The North American plastics industry is on a roll, and that is reflected in our Machinery Outlook special report. The Great Recession is long past and, while plastics processors are understandably still a bit cautious, they are moving ahead with investments.
A couple of things stand out from the package of stories by senior reporter Bill Bregar, who covers the machinery beat. Several makers of injection molding machines said that more companies now have a planned schedule for replacing older machines each year, taking them out of service and buying brand new equipment. Officials of several other machinery sectors also mentioned this trend.
“The strong market has given people the confidence to replace machines. What's happened is that people have been really noncommittal in their replacement programs in the last couple of years, but now we're seeing more companies putting regular plans together,” said John Ward, Arburg Inc.'s vice president of sales and marketing.
That's what a couple of solid, profitable years in a row can do for the plastics industry.
That is something new, machinery executives report. Big new factories get the splashy headlines — many of them in Plastics News. But plastics processors, including some smaller players, quietly buying machines on a schedule to upgrade their fleets, that's a lower-key story. And just as important.
Regular replacement of older machines — before they just totally wear out — is a sign the industry is healthy. In the recession, we heard stories of companies stripping screws and parts off of idle machines instead of buying new. Now many sectors of the plastics industry are enjoying a solid recovery. Plante & Moran PLLC found that the plastics industry is as profitable as it was in the late 1990s, in a survey presented in October at the Benchmarking Conference held by the Manufacturers Association for Plastics Processors (MAPP).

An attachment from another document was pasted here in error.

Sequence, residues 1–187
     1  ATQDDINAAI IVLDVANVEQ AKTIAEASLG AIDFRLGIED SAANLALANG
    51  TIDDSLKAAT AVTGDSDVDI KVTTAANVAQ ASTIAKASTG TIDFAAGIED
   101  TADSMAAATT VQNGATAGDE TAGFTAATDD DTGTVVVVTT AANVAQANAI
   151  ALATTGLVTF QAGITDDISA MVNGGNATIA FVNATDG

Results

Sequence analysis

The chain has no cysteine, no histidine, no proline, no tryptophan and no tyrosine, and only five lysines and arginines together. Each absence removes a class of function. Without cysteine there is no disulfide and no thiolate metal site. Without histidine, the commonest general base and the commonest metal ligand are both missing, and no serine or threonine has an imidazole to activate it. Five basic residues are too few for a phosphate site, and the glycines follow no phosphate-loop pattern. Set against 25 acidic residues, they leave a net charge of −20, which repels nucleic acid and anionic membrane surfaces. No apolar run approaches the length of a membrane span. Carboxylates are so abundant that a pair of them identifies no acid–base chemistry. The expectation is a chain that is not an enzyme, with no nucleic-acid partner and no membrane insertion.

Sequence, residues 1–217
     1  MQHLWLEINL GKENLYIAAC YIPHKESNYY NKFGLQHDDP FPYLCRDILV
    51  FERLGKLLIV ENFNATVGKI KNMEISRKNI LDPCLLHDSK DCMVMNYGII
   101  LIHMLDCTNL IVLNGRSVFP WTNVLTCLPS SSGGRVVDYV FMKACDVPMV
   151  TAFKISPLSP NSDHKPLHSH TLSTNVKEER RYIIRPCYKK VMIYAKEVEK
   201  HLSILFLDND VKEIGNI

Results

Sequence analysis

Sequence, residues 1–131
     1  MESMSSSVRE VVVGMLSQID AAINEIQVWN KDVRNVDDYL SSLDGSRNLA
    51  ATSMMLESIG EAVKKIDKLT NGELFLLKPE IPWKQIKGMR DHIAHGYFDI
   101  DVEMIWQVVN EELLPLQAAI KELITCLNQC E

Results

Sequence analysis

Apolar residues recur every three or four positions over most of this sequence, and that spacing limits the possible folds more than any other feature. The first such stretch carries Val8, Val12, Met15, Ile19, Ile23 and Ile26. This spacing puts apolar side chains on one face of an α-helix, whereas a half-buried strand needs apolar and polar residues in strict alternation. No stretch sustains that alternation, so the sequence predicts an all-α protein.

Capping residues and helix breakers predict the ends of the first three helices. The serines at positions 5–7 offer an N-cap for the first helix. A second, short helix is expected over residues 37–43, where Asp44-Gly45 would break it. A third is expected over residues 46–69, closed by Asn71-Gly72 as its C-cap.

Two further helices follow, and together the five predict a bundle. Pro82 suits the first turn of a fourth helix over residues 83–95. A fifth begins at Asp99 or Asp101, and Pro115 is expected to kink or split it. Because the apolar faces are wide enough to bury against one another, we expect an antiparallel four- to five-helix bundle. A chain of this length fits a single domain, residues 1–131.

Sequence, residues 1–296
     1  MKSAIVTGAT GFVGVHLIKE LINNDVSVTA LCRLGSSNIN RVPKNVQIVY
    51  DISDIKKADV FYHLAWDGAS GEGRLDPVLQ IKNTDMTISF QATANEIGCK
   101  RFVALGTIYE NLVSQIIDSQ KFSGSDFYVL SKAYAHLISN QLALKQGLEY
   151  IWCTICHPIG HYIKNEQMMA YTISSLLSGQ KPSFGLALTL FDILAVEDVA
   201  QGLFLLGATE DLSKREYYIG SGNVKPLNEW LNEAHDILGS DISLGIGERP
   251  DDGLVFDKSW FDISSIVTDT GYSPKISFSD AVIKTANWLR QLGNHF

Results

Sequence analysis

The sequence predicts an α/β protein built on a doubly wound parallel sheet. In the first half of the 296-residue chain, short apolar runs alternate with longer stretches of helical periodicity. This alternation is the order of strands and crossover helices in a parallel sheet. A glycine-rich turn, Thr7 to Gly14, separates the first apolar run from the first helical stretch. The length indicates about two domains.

Reinvesting those profits back into new machinery also shows that North American processors are taking the reshoring trend seriously. They're becoming more efficient to win work back from China.
American manufacturing is standing tall. There's some evidence that consumers are making the connection between buying U.S. made products and their own economic well-being. Even Wal-Mart has launched a Made in the USA campaign.
Bregar interviewed more than 30 machinery executives for the report. It's no surprise that the powerhouse U.S. automotive sector is lifting all boats — especially the one carrying injection molding presses. Clearly, at some point, new car production will plateau or decline. Automotive is cyclical, after all.
But a lot of jalopies are still on the road. IHS Automotive reports the average are of all cars and light trucks in the United States is 11.4 years. This number doesn't seem to go down, even as new car sales stay robust. But at some point, that will turn around as the economy continues its slow advance and hiring picks up. Indeed, IHS says the rate of growth in the age of the nation's fleet has slowed, because of the solid increase in new vehicle sales.
Maybe motorists can follow the lead of plastics processors, and upgrade to a new set of wheels in 2015.